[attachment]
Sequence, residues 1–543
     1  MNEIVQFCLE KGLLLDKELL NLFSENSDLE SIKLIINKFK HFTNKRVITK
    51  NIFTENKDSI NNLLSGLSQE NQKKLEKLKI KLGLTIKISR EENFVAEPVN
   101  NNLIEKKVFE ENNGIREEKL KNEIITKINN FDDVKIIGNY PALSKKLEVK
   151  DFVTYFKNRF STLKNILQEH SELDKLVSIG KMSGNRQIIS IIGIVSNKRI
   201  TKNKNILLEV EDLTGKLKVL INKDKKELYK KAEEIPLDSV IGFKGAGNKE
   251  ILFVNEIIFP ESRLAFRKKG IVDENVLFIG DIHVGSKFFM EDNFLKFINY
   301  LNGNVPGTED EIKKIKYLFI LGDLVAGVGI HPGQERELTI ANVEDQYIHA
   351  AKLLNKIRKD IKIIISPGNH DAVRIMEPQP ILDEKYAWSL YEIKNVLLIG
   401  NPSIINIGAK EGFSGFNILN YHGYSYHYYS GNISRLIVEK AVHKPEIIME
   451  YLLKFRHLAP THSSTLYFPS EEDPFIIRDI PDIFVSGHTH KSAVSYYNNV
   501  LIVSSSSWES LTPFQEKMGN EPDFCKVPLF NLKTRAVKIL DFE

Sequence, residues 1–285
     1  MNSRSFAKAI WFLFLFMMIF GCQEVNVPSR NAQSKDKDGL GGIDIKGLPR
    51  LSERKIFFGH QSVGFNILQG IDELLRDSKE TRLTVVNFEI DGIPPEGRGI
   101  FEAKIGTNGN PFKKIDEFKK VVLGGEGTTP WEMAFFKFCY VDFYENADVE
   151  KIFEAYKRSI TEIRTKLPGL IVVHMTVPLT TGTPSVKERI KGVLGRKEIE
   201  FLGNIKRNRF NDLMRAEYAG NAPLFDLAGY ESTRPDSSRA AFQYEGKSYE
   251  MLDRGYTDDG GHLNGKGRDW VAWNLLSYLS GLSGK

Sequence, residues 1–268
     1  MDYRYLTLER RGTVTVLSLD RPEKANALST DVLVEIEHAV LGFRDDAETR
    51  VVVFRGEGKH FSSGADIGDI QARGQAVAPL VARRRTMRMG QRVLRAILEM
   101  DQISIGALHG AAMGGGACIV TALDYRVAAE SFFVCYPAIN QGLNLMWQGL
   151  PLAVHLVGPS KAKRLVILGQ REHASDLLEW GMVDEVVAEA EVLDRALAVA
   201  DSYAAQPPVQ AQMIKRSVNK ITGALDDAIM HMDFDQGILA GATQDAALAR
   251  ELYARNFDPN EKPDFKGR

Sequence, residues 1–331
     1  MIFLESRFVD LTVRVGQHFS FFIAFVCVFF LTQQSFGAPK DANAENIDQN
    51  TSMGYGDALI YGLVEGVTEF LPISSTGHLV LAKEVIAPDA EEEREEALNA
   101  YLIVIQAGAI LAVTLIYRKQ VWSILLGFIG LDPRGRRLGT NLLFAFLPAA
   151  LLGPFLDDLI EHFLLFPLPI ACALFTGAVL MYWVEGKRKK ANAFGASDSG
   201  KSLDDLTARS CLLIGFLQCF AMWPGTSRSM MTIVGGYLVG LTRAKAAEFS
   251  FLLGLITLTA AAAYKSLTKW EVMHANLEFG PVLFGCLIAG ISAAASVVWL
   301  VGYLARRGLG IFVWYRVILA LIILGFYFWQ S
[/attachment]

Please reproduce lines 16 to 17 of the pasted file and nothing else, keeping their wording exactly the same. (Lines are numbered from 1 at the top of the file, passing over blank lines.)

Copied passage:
   101  FEAKIGTNGN PFKKIDEFKK VVLGGEGTTP WEMAFFKFCY VDFYENADVE
   151  KIFEAYKRSI TEIRTKLPGL IVVHMTVPLT TGTPSVKERI KGVLGRKEIE